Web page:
Yesterday was an exciting day. My tune, slow waltz, was added to the Peaceful Piano playlist on Spotify, which at the time of writing has close to 6.5 million followers.
This is worth celebrating, of course! Though while I’m so grateful for more exposure, a “success” like this can come with many struggles. I only say this because I’ve been here before, and I hope my story can encourage you to keep creating, no matter the circumstances.
It was around December 2019. Colors had been released a few weeks prior. The first single to be released from Her Heart Is Open as the Sky. It was a surreal experience looking back on it. We were at a friend’s house, and she was listening to some piano music I knew well, though wouldn’t expect others to be familiar with. “How did you hear about this album?” I asked. “It’s just a playlist I saw you were on, from your profile.” A playlist? Me? I checked Spotify, and sure enough, there it was. Colors on the Magnificent Piano playlist.
I was shocked, stunned, excited, thrilled, affirmed, confused. How did one of my tracks get playlisted? I had no idea. I had submitted it for “editorial review” through the Spotify for Artists’ app, but figured there was a greater chance of being struck dead by a cow falling from the sky.
A few days later, there it was. Colors on Peaceful Piano. It simply blew me away.
What I didn’t expect was the self-induced agony that followed.
I soon came to realize that typically with one editorial playlist came many. (At least for others, based on my observations.) However, that wasn’t happening for me at the same rate. I also began to notice the playlist was updated every two weeks. (Now it’s weekly.) I think it’s fair to say I became obsessed with keeping Colors on the playlist. Though I had absolutely no idea how, and no control over it.
I became spellbound and obsessed with numbers. It felt hard to control. This compulsive desire to check my stats every day when they were updated. To make sure I hadn’t fallen out of grace with that one person (or many?) who made decisions about who is worthy to stay, and who gets canned.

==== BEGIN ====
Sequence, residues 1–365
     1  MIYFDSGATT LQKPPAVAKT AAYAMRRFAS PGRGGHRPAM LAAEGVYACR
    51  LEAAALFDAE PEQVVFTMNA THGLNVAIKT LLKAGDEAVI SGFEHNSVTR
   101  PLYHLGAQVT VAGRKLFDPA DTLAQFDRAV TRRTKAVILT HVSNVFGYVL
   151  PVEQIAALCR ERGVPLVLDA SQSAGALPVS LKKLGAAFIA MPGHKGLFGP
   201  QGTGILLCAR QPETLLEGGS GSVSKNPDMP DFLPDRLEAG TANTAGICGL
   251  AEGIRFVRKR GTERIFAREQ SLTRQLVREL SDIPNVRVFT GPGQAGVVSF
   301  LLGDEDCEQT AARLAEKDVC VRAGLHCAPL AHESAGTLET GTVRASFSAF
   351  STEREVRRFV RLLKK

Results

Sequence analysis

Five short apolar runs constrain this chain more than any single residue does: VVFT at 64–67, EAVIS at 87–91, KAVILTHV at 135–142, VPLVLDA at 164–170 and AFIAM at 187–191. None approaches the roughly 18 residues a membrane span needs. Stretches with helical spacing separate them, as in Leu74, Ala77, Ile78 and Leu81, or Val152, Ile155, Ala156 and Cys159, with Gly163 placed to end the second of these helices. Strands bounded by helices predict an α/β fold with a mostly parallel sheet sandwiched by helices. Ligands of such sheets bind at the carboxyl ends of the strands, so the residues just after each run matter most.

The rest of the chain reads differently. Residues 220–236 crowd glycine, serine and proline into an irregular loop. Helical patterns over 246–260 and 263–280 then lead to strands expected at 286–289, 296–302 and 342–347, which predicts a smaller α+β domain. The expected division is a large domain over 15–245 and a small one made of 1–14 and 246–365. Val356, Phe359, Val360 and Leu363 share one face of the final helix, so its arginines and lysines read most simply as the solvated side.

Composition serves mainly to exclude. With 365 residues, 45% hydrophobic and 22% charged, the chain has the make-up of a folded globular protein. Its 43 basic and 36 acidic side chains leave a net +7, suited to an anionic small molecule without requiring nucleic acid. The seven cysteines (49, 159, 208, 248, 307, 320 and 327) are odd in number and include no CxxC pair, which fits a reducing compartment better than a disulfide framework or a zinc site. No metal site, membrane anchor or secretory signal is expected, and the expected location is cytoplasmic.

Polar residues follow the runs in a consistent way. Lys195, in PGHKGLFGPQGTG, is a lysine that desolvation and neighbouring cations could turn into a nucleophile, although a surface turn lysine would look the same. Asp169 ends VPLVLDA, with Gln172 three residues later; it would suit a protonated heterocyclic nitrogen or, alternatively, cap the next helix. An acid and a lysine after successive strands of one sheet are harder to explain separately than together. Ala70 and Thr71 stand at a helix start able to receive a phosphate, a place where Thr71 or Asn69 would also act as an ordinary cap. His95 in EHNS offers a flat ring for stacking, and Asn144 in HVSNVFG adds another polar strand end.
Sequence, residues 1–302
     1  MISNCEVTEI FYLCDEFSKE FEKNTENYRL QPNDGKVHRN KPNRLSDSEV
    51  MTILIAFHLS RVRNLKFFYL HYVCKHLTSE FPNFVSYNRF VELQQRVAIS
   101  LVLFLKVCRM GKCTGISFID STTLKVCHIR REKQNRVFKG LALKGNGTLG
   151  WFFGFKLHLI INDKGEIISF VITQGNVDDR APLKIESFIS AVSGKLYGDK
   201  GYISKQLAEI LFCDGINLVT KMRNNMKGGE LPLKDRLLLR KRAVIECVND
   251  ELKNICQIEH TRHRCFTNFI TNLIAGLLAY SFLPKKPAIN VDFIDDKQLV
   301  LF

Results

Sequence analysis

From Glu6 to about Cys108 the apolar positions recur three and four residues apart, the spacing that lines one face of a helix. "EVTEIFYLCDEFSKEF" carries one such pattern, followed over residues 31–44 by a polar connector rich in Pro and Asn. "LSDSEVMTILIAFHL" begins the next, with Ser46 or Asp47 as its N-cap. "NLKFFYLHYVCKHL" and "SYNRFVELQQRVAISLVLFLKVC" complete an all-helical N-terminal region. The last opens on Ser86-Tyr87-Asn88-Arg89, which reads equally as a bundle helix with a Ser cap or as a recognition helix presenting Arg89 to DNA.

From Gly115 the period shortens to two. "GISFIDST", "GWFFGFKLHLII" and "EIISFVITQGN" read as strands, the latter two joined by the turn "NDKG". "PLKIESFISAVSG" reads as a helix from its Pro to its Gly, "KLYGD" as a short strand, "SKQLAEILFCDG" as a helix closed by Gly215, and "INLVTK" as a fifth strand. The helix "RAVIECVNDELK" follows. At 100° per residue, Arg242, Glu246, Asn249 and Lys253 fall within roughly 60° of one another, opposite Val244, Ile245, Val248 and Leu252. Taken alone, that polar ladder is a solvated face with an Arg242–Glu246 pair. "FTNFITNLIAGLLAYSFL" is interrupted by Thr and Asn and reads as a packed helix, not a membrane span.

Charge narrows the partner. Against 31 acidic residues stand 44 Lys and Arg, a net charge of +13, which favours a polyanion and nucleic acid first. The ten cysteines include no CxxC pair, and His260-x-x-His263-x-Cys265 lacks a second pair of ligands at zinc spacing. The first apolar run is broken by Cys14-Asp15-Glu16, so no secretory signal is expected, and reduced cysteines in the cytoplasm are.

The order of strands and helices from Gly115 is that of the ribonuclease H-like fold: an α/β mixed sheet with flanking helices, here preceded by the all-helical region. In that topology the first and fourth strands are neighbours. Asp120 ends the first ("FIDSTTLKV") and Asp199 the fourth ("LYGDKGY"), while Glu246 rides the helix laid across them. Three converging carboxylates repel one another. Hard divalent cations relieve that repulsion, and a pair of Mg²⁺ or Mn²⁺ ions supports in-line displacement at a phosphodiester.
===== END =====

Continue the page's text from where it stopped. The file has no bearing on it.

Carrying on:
It didn’t help that I was also suffering from imposter syndrome. I kept worrying maybe it had been a fluke. Did they really mean to add it? I’d wonder. Is it because Jane called out and Barry had to make the playlist adds that day and I got lucky? I’d listen to my track on the playlist, comparing it side-by-side with the others. Can it hold its ground amongst these giants?
It wasn’t just the numbers, though. People told me there was real money to be made from a playlist like this. I started researching how much of a payout I might get. And if I was even in the ballpark, it was significant enough to be helpful for our family. My heart swelled, looking forward to it.
After a few months, the first payout came, and I was ecstatic. Because if it continued, it would be a huge help for us.
Yet within days, Colors was removed from Peaceful Piano. Maybe they are just shuffling things around? I tried to reassure myself. My thoughts spiraled. It was almost like it had been planned. Like they wanted to dangle success (a/k/a money) in front of me, then burn it before my eyes.
I was a mess.
I’ve always been prone to self-doubt. And this was the pin to pop my little piano balloon. To me, it validated what I believed to be true about myself (at that time). That I wasn’t worthy to receive good things. That it’s dangerous to get one’s hopes up. That I shouldn’t dream big. That my music (or anything I make) isn’t worthy of people’s time and attention.